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Ametrida centurio 

Scope: Global
Language: English
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Taxonomy [top]

Kingdom Phylum Class Order Family
Animalia Chordata Mammalia Chiroptera Phyllostomidae

Scientific Name: Ametrida centurio
Species Authority: Gray, 1847
Common Name(s):
English Little White-shouldered Bat
Taxonomic Notes: Includes minor.

Assessment Information [top]

Red List Category & Criteria: Least Concern ver 3.1
Year Published: 2016
Date Assessed: 2016-07-02
Assessor(s): Miller, B., Reid, F., Arroyo-Cabrales, J., Cuarón, A.D. & de Grammont, P.C.
Reviewer(s): Solari, S.
Justification:
This species is listed as Least Concern in view of its wide distribution, and because it is unlikely to be declining at nearly the rate required to qualify for listing in a threatened category.
Previously published Red List assessments:

Geographic Range [top]

Range Description:This frugivorous bat is found in Central and South America. This bat occurs from Amazonian Brazil, Guianas, Panama, Venezuela, Trinidad, and Bonaire Island (Netherlands Antilles) (Simmons 2005). In Venezuela, the species occurs from lowlands to 2,100 m, but in Venezuela most have been taken below 1,500 m (Handley 1976).
Countries occurrence:
Native:
Bonaire, Sint Eustatius and Saba; Brazil; Colombia; French Guiana; Guyana; Panama; Suriname; Trinidad and Tobago; Venezuela, Bolivarian Republic of
Additional data:
Upper elevation limit (metres):2100
Range Map:Click here to open the map viewer and explore range.

Population [top]

Population:This species is relatively common but patchily distributed. It is uncommon or rare in South America (Reid 2009).
Current Population Trend:Unknown
Additional data:
Population severely fragmented:No

Habitat and Ecology [top]

Habitat and Ecology:Ecology and habits are poorly known; usually found in lowland, evergreen forest near streams or moist areas, occasionally in clearings, second growth, or deciduous forest. They may fly at canopy levels (Reid 2009). Handley (1976) reported specimens caught in or near forest habitat, mainly adjacent to streams and river channels. They are frugivores and occasionally can feed on nectar.
Systems:Terrestrial

Threats [top]

Major Threat(s): There are no major threats throughout the species' range.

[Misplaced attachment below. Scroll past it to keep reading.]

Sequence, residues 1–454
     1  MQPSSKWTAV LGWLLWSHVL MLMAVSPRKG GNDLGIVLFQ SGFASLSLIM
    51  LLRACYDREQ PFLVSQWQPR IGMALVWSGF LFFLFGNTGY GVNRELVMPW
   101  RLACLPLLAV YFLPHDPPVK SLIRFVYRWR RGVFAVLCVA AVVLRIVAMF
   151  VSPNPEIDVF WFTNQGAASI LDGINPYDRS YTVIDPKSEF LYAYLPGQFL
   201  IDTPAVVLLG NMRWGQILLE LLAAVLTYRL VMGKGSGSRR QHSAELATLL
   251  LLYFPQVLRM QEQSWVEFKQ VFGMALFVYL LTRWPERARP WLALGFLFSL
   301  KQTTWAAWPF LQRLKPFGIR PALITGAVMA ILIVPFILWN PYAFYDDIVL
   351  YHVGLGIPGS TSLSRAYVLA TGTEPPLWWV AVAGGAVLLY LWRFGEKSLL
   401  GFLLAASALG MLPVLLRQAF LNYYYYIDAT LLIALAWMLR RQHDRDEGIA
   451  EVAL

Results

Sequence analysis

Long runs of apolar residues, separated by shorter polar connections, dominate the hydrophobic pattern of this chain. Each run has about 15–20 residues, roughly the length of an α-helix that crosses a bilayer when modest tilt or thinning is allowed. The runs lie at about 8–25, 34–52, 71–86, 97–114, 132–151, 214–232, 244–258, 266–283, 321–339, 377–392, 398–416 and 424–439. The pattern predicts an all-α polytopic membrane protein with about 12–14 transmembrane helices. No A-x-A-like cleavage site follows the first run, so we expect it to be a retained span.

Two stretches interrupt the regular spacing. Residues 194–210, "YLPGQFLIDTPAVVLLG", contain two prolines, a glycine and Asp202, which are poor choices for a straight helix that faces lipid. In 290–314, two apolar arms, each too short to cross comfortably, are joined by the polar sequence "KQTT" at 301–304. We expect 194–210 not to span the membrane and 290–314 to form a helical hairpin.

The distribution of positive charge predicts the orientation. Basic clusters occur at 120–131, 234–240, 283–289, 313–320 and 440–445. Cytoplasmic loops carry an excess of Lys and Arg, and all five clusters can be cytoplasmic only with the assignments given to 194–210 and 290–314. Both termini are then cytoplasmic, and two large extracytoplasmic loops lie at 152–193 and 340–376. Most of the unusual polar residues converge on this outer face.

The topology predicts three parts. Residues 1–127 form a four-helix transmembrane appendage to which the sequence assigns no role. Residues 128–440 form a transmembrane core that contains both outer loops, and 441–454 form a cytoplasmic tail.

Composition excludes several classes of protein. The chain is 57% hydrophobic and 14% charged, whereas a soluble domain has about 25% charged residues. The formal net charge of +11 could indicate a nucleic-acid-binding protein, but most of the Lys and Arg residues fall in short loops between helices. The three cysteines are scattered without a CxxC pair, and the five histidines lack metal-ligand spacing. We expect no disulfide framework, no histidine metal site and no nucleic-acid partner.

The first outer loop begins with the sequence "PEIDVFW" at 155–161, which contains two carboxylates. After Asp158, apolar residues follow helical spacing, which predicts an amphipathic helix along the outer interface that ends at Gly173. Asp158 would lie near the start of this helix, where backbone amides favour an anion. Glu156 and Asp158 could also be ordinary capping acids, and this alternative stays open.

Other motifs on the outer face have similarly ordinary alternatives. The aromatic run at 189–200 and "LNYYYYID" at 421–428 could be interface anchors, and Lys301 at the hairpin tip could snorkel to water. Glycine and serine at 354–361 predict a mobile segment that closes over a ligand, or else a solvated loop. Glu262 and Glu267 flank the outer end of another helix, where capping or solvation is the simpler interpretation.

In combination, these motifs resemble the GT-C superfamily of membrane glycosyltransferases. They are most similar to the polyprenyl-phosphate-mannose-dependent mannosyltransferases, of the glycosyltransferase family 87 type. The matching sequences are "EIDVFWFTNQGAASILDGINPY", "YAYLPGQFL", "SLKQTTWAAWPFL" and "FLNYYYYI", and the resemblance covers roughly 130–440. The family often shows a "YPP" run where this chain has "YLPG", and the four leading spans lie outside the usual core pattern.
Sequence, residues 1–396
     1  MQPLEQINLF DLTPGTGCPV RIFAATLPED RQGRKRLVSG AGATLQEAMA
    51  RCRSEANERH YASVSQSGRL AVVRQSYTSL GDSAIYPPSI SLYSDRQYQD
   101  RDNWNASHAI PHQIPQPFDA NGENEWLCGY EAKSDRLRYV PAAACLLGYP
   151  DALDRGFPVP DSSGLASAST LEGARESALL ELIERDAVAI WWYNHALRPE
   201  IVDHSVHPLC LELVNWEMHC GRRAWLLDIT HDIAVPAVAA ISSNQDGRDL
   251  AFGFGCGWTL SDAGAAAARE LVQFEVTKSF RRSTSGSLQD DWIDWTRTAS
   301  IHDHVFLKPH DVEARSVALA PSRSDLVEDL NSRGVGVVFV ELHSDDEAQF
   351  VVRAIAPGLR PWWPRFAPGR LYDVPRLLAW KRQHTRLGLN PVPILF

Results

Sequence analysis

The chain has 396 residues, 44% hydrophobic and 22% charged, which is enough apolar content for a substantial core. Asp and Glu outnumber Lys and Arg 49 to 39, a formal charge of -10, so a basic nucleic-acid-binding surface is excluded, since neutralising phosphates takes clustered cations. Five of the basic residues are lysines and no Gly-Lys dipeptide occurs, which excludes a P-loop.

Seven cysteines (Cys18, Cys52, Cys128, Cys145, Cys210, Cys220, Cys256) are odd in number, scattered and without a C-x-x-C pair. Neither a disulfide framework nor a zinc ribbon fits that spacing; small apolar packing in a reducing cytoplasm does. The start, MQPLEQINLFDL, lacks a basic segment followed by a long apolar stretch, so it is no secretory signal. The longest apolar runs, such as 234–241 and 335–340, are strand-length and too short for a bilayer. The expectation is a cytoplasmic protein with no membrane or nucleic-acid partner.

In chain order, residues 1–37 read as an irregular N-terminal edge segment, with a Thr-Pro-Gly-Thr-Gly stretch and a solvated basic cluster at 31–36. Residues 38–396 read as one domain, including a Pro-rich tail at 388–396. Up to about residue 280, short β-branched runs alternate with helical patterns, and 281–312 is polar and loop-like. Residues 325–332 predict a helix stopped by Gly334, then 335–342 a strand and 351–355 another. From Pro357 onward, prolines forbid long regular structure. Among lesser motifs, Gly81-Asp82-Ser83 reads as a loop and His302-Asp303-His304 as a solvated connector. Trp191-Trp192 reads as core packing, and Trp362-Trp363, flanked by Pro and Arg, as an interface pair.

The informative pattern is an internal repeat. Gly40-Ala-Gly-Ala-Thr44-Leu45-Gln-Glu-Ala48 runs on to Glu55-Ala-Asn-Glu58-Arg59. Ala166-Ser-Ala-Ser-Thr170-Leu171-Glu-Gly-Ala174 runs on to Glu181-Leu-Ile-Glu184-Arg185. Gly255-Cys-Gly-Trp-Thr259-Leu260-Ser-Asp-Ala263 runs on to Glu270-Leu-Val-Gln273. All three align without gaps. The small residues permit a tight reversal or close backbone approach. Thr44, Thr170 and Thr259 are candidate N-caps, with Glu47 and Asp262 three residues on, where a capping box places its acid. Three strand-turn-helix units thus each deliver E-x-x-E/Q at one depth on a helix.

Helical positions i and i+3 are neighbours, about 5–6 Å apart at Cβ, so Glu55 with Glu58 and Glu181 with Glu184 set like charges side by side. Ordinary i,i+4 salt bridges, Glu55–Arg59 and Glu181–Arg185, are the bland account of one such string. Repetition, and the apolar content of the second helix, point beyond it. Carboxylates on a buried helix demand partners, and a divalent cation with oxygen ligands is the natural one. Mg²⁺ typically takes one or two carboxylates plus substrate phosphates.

Conservation Actions [top]

Conservation Actions: Reduction of loss of forest habitats is needed.

Classifications [top]

1. Forest -> 1.6. Forest - Subtropical/Tropical Moist Lowland
suitability:Suitable  
1. Land/water protection -> 1.1. Site/area protection
2. Land/water management -> 2.1. Site/area management

In-Place Research, Monitoring and Planning
In-Place Land/Water Protection and Management
In-Place Species Management
In-Place Education
1. Research -> 1.3. Life history & ecology

Bibliography [top]

Fenton, M. B. 1992. Phyllostomid bats (Chiroptera: Phyllostomidae) as indicators of habitat disruption in the Neotropics. Biotropica 24: 440–446.

Handley Jr., C.O. 1976. Mammals of the Smithsonian Venezuelan Project. Brigham Young University Science Bulletin, Biological Series 20: 1-91.

IUCN. 2016. The IUCN Red List of Threatened Species. Version 2016-3. Available at: www.iucnredlist.org. (Accessed: 07 December 2016).

Medellín, R. A., Equihua, M. and Amin, M. A. 2000. Bat diversity and abundance as indicators of disturbance in Neotropical rainforests. Conservation Biology 14: 1666-1675.

Reid, F. 2009. A Field Guide to the Mammals of Central America and Southeast Mexico. Oxford University Press, New York, USA.

Simmons, N.B. 2005. Order Chiroptera. In: D.E. Wilson and D.M. Reeder (eds), Mammal Species of the World, pp. 312-529. The Johns Hopkins University Press, Baltimore, MD, USA.


Citation: Miller, B., Reid, F., Arroyo-Cabrales, J., Cuarón, A.D. & de Grammont, P.C. 2016. Ametrida centurio. The IUCN Red List of Threatened Species 2016: e.T1137A22070667. . Downloaded on 11 December 2016.
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